Crimson Peak [An (Old) Film Review].

Crimson Peak was a chilling film that centred on a young woman named Edith, and the unfortunate, horrible and terrifying things she witnesses after marrying a mysterious man, named Thomas Sharpe. Taken by his charm and kind nature, she falls for him, thinking that he truly sees something in her, he seems to and the audience cannot help but fall for Sharpe’s kind smile. He respects Edith and sees a talent in her, admires her writing and strong will. With Tom Hiddleston playing the lead role, the audience want to root for him from the beginning, but sadly, things turn sour very quickly.

After meeting, Edith’s father, Carter, and Thomas do not see eye to eye, and while Thomas seems quite hurt and downbeat by Edith’s father’s refusal of his mining proposition, he still pursues Edith. Her father is not taken by him and still refuses to offer Thomas the help and money he needs to bring his vision into being, he also tells Thomas to leave his daughter alone, paying him off, demanding that he breaks Edith’s heart. The audience do not know why this is, but realise soon after that the father was right in doing so. Thomas and his sister, Lucille have a strange and dark past, one that poor Edith is blind to, at the beginning.

Edith’s father is murdered by an unknown figure and Edith has no one else to turn to, but Thomas, once she realises what her father had done. And once having seen her father’s dead body, she has no family left alive, her mother passed when she was younger. So, seemingly free, she marries Thomas, still mourning over her father, who she loved deeply, and moved with Thomas to Crimson Peak – a place she had been warned to steer clear from by her mother’s ghost. Edith realises this much too late, once she is already living with Thomas.

As the film unfolds, the audience come to terms with the fact that something is not quite right with the house that Edith and her husband are living in. Not only is his strange sister staying with them, but at night ghosts and strange figures haunt Edith’s steps, everywhere she goes. This is a film that really plays on your mind and while the ghosts and walking dead, aren’t as scary as one would expect, the blood and gore fills in that gap, with violent deaths and punishing fights, that leave a mess all over the floor.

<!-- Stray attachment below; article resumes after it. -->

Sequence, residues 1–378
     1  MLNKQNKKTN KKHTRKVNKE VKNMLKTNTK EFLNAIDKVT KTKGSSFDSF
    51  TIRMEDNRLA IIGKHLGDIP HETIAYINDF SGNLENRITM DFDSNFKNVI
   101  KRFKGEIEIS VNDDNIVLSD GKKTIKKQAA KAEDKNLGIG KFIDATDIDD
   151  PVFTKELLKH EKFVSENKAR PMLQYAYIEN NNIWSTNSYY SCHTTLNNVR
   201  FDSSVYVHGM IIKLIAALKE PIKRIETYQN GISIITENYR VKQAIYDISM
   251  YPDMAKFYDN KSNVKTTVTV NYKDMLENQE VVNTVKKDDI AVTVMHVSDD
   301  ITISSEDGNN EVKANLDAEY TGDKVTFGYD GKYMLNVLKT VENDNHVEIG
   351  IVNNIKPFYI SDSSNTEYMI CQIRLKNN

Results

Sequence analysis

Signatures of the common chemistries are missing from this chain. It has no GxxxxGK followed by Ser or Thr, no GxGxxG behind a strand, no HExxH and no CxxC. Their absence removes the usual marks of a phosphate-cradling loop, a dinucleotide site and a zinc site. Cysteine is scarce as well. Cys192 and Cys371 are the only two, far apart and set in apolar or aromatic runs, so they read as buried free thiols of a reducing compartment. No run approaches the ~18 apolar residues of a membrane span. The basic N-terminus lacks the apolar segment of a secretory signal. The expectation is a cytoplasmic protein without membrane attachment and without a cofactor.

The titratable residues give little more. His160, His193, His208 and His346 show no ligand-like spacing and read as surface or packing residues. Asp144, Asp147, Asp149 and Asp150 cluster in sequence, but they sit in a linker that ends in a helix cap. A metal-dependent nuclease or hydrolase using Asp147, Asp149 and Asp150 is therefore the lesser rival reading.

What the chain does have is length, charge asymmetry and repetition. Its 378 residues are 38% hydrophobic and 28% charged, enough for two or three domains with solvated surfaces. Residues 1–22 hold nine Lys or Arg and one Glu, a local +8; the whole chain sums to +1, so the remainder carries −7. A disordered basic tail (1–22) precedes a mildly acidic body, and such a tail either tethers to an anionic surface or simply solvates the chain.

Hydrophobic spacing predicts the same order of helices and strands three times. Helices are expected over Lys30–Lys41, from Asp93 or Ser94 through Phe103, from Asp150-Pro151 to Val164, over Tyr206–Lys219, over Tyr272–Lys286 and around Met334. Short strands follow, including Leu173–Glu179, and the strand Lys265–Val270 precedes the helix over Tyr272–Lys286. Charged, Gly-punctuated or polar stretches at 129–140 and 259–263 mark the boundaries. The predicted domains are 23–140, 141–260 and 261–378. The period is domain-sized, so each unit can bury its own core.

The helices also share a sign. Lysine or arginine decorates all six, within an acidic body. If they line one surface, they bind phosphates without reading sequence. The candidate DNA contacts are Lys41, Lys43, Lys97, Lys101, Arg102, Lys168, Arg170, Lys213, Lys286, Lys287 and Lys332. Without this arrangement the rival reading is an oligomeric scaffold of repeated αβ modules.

It is revealed that Edith’s father had been right not to trust Thomas and his sister. They were strange and lived in a secluded home, on land that leaked red clay, symbolising the amount of murders they’d taken part in. Edith discovers that Thomas and his sister had actually killed their own mother, Lucille had killed Edith’s father, and all the other women Thomas had married, three women, by poisoning them with the tea she made them drink. Thomas only married Edith for her money, to keep the house standing and to get his project going, or so Lucille thought. Thomas had actually fallen in love with Edith and now wishes to protect her, and in doing so, the audience find out about Thomas’s and Lucille’s disgusting, immoral incestuous relationship.

In the climax of the film, Edith’s childhood friend returns, Alan, to help her escape and in a bloody fight, Thomas and his sister are killed. Edith survives, though sickened, suffering from multiple wounds and the poison she’d been given, she leaves that awful place, with her friend, to return one presumes back to America, as the house sinks in the thick, crimson clay.  

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2 thoughts on “Crimson Peak [An (Old) Film Review].

  1. Pingback: The Girl Who Reads

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